"Jafari's agreement wasn't without a price," said the aide to one high-level Shiite legislator. "Otherwise the floor might have been opened and another candidate might have been chosen."

. . . After a U.S.-backed raid last month on a Shiite house of worship allegedly used to torture and hold kidnapping victims in northern Baghdad, Maliki condemned the U.S. and called for an investigation. In an interview with The Times in February, he accused those who opposed Jafari of acting as dupes for Khalilzad, the U.S. ambassador.

Keep that in mind as you read the feigned gloating from Dubya, Khalilzad, Condoliezza Rice, et al. about political progress and the coming "government of national unity."

The real proof either way, though, will come in the next stage of the obstacle course, as the LA Times story also notes:

Relieved U.S. and Iraqi officials, exhausted after weeks of negotiations over the government, hailed Maliki's expected elevation as a significant breakthrough, even though fractious discussions over the leadership of the security services remained.

"A major step has been taken with regard to the formation of a government of national unity, which already has a program agreement on a process for decision-making and new institutions," U.S. Ambassador Zalmay Khalilzad said in an interview. "It's a significant step … in the right direction, but there will be difficult days ahead."


What Zalmay is referring to is a complicated oversight mechanism intended to give all parties a voice in running the army and police, rather than just the ruling Shiite alliance. (Diluting Team Shiite's control of the defense and interior ministries has been the central goal of the U.S. in the post-election jockeying.) It's not clear yet, though, whether this so-called security council will actually have decision-making authority or be powerless merely advisory -- the latter being the Shiites' preference, and perhaps how they'll interpret the "program agreement" regardless of its actual language.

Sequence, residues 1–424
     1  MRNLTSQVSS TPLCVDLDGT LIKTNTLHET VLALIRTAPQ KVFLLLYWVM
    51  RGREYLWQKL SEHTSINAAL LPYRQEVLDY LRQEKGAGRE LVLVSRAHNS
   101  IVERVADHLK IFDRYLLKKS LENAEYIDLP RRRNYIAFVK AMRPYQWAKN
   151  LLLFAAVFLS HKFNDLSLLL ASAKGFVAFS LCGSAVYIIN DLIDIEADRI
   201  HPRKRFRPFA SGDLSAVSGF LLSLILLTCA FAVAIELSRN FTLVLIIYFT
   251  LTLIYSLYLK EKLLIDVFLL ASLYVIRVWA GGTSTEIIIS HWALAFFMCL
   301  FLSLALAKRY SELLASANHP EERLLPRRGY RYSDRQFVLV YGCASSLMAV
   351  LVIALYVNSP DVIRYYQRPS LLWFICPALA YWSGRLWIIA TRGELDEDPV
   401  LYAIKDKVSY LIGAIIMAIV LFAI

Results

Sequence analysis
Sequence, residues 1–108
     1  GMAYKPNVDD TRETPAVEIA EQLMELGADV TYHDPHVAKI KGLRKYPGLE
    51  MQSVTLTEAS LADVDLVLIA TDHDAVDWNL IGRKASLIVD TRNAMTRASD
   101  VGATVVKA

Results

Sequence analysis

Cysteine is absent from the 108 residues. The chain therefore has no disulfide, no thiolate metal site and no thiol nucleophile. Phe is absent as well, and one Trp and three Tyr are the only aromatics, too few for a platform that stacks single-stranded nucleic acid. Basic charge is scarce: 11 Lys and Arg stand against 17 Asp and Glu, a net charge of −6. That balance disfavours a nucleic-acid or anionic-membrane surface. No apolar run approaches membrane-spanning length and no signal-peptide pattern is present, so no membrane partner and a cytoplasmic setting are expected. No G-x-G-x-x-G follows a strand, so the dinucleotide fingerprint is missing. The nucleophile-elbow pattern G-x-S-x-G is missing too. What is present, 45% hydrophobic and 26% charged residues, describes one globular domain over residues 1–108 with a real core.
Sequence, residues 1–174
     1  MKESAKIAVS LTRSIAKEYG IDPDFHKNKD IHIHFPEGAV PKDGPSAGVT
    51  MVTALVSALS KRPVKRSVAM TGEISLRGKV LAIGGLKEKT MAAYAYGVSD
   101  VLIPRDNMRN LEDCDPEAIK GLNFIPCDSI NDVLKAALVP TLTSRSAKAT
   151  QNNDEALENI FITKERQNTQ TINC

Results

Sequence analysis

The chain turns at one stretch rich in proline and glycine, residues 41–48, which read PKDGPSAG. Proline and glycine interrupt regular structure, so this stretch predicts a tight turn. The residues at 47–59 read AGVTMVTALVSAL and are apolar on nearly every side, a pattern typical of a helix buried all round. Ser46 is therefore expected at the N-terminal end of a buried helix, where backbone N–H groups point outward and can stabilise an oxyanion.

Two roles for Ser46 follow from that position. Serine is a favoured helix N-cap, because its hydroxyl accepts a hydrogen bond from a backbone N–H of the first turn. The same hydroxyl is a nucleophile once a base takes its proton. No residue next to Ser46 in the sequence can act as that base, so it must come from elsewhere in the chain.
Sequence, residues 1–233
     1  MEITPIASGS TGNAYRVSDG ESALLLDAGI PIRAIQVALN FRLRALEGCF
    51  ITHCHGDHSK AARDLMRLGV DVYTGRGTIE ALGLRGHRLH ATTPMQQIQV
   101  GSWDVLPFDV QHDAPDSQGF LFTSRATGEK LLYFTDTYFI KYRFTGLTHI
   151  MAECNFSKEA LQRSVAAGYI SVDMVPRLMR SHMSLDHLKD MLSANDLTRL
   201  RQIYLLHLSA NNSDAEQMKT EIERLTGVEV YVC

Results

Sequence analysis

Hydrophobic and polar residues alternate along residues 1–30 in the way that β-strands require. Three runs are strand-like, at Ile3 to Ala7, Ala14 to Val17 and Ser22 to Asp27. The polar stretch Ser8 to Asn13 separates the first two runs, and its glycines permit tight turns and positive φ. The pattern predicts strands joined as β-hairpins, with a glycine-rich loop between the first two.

A true unity government would give the Allawi and Mutlak factions an opportunity to partially re-Baathify the Iraqi security institutions, opposition to which I've repeatedly proclaimed as the defining wedge that kept Allawi out of the previous government... so I suppose I'd have to eat my Swopadamus hat if that happened. Based on the developments of the past few days, though, I may not have much to worry about.


Team US is on crack if they think the Wolf Brigade won't continue to kill Sunni. I wonder if CENTCOM has a loyalty chart of the Iraqi Army. I wonder how many battalions the Madhi Army owns. They certainly own most of the police of the South.

The Iraqis are not stupid. They will let the Americans serve their delusions as long as it serves them. Allawi is lucky to be among the living, a situtation the guerrillas may solve sooner rather than later.

posted by Steve @ 2:31:00 PM

2:31:00 PM